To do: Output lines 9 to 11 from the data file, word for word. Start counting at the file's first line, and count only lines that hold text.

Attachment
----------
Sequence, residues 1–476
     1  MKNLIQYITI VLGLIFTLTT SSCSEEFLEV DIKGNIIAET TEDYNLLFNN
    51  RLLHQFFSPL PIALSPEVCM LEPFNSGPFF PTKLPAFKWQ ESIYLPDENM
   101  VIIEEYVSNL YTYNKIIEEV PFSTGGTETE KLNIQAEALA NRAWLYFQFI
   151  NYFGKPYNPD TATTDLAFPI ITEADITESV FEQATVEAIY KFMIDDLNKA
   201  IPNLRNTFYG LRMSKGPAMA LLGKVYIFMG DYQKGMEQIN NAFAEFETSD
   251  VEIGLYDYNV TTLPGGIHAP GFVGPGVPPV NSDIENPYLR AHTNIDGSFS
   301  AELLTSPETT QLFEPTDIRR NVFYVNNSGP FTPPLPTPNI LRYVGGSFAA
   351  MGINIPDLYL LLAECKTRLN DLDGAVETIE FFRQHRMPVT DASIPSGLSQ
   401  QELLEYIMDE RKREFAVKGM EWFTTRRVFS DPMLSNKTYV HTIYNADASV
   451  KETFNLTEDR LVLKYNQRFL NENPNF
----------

   351  MGINIPDLYL LLAECKTRLN DLDGAVETIE FFRQHRMPVT DASIPSGLSQ
   401  QELLEYIMDE RKREFAVKGM EWFTTRRVFS DPMLSNKTYV HTIYNADASV
   451  KETFNLTEDR LVLKYNQRFL NENPNF